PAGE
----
Ulysses is now considered to be one of the greatest novels of the twentieth century and a paragon of the Modernist style, but its initial publication in the United States was fraught with controversy.
The novel was originally published serially in the literary magazine The Little Review between 1918 and 1920. Groups of concerned citizens objected to the explicit sexual content of certain episodes in the text, and the courts determined that Ulysses was obscene and could therefore be banned under the terms of the Comstock Act. When the novel was published in its entirety in 1922 by Sylvia Beach’s Shakespeare Head Press in Paris, its importation into the United States was blocked, and 500 copies of the novel were destroyed by the U.S. Department of the Post Office.
In 1930, the U.S. Customs Department declared that Ulysses was obscene and its importation could be banned under the Tariff Act of 1930. The publisher Random House took that opportunity to request a court hearing, which was required by tariff law. In the resulting case, United States v. One Book Entitled “Ulysses,” Random House argued that the explicit language and imagery must be viewed in the context of the book as a whole.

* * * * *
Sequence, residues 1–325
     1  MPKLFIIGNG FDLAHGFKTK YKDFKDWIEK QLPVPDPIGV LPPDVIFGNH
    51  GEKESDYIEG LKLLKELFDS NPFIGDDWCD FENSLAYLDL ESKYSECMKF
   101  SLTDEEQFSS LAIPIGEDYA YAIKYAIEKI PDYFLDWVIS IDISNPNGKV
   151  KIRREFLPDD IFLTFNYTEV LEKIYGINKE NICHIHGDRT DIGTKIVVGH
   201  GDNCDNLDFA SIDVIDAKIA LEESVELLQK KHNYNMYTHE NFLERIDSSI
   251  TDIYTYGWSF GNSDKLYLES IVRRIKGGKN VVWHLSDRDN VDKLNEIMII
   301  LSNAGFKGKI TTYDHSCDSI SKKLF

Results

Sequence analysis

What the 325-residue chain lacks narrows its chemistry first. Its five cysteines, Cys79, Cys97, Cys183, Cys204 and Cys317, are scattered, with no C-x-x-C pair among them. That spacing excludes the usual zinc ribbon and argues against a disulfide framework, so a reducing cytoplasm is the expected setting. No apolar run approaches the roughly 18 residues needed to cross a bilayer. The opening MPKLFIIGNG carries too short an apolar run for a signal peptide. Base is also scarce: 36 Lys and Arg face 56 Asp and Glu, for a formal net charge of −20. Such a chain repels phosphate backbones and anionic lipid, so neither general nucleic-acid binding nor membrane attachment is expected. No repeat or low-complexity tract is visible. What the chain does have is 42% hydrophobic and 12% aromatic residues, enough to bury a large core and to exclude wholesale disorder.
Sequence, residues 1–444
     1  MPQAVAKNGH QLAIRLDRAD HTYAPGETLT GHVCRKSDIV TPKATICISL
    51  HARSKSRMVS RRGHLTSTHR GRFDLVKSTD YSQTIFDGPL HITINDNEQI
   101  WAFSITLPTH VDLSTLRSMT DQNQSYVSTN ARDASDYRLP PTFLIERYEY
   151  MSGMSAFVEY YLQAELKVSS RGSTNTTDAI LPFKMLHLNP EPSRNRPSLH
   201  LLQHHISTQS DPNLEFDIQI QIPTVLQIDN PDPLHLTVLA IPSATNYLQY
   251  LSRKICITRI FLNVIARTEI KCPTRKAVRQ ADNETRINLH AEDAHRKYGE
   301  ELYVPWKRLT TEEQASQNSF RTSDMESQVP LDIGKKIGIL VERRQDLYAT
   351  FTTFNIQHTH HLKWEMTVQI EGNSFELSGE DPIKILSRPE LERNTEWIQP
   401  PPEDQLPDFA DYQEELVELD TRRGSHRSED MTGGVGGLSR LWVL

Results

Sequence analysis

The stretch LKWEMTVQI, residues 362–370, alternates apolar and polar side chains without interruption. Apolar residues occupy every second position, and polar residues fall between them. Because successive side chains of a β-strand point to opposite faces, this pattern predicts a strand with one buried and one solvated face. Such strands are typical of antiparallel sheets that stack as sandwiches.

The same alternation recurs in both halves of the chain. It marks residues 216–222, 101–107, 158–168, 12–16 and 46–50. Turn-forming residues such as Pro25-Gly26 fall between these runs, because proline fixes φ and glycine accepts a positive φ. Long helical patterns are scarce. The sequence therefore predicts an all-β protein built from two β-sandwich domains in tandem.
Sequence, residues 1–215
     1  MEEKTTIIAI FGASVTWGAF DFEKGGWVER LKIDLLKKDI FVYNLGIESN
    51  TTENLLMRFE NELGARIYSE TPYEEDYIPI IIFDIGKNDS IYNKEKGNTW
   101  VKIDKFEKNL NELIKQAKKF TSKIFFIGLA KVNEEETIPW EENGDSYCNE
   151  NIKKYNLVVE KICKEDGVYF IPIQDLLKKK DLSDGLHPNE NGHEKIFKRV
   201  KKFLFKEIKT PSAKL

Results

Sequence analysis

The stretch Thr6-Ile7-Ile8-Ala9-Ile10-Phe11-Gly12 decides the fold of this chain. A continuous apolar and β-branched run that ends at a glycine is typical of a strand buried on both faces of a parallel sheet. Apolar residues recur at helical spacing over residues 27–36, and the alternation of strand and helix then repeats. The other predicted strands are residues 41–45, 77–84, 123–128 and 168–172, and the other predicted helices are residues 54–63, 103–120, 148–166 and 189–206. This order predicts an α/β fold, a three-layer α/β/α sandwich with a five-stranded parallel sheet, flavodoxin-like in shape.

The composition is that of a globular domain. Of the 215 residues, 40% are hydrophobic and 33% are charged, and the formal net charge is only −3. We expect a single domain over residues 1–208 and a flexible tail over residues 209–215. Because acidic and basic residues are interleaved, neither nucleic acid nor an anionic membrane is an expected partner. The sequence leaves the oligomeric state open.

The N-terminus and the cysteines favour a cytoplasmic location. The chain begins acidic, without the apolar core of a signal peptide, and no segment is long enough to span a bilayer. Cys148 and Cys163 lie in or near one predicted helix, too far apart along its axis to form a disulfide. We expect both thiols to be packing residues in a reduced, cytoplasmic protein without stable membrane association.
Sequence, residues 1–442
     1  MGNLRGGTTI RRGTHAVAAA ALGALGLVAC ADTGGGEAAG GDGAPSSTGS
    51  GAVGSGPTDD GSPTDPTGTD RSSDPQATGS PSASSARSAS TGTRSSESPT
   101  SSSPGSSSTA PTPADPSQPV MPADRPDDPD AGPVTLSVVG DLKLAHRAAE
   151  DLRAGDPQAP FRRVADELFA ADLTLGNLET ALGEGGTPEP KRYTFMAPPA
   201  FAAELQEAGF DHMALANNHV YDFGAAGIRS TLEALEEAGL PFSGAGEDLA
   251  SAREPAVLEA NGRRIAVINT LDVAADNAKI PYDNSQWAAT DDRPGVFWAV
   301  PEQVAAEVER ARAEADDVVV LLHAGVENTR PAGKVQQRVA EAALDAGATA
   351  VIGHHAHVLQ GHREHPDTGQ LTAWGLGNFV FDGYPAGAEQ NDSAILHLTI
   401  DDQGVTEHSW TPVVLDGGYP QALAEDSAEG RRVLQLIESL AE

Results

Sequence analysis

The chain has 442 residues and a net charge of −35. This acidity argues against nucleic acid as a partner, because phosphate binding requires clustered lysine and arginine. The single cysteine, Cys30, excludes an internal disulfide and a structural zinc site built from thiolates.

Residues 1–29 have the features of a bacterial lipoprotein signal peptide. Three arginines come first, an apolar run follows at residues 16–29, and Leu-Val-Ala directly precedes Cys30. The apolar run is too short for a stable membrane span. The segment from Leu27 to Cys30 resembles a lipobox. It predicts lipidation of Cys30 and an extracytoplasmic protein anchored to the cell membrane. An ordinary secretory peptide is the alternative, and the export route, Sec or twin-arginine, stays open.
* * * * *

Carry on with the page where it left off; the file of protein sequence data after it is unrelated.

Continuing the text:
Judge John M. Woolsey of the Federal Court of New York agreed, stating that the book was not pornographic in its overall effect. His decision was later upheld in the circuit court of appeals. The decision in the Ulysses trial set precedence for the obscenity standard to apply to entire works, rather than selected passages. Text by Melissa A. Hubbard, Assistant Professor, Morris Library Special Collections Research Center. Image of he first edition of Ulysses from Morris Library Special Collections Research Center.